Looking for Regional Information?

Parent's Guide for Online Safety

By Charles Hopkins Published 06/2/2006 | Internet

 With the dramatic rise in the incidence rate of online crime, the safety of your child has become a serious issue that you need to address as soon as possible.

Possession of home computers and access to the internet has become a near universal phenomenon in the middle through upper classes of Western society. A child left unsupervised in front of a computer is left at the mercy of destructive forces that are on the lookout for exactly this kind of opportunity. You need to be constantly on the lookout for signs that will tell you of approaching danger, and take appropriate steps as soon as you suspect anything.

What are the signs that you need to watch out for?

First, is your child spending too much time on the computer, presumably connected to the internet? While no conclusive proof, addiction to computers and the internet can in themselves be harmful for your child's mental health and academic performance. Moreover, it may be a sign that he or she is falling under the spell of people who can potentially abuse their innocence. Children who have been sexually abused by cyber-acquaintances are usually found later to have spent long hours glued to the screen, specially at night and on the weekends.

What prompts this kind of behavior in the child? Most of the time it is the so-called 'latchkey kids' who develop this pattern of activity. Left unattended and asked to stay home, they have little to do except enter chat rooms and get into potentially dangerous situations. One good way of preventing this from ever happening in the first place is to spend more time with the child. Adjust and make modifications in your social or professional life if necessary, and give attention and company to the child. It is alienation and loneliness that drives them to adopting cyber-friends in the first place, and you have the power to set that right.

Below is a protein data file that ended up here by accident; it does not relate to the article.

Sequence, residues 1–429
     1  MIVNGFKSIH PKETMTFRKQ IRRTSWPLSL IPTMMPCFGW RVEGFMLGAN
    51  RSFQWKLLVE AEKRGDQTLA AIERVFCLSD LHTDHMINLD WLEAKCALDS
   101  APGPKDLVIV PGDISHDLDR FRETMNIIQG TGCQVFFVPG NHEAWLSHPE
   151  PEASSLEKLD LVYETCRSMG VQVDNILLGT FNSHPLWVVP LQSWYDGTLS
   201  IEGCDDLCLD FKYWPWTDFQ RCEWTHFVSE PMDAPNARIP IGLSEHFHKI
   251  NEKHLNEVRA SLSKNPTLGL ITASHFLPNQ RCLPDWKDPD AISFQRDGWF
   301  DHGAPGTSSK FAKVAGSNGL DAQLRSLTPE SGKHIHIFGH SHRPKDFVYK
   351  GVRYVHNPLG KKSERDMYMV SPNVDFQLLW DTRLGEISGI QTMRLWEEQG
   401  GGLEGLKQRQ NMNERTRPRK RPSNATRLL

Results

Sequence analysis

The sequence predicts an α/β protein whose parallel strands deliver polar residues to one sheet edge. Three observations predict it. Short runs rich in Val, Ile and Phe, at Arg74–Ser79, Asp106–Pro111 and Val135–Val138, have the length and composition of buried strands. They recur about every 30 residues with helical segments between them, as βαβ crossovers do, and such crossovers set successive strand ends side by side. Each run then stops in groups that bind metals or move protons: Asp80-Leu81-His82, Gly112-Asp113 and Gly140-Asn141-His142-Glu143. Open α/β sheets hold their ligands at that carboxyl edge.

Secondly, do regular file reviews on your child's computer. Offenders often send pornographic material to children in order to initiate sexual discussions. If you find anything of the sort there, you need to take her off the net immediately, and try to trace the origin of the material. If you have proof that it wasn't collected by the child but sent to her by someone, get in touch with the police.

If the child is aware that what he or she is doing is not going to get your approval, she is going to become more and more secretive. Try to open frank discussions with her that do not start with accusations or scoldings. If you find she is keeping things from you or changing her computer screen as soon as you enter the room, you need to go on red alert immediately.

Often she may receive phone calls at hours when she's supposed to be alone or unattended at home. She may also receive gifts from unclear or undisclosed sources. At each of these signs, you need to become aware of her activities and acquaintances. Parental disregard and apathy often paves the way to disaster.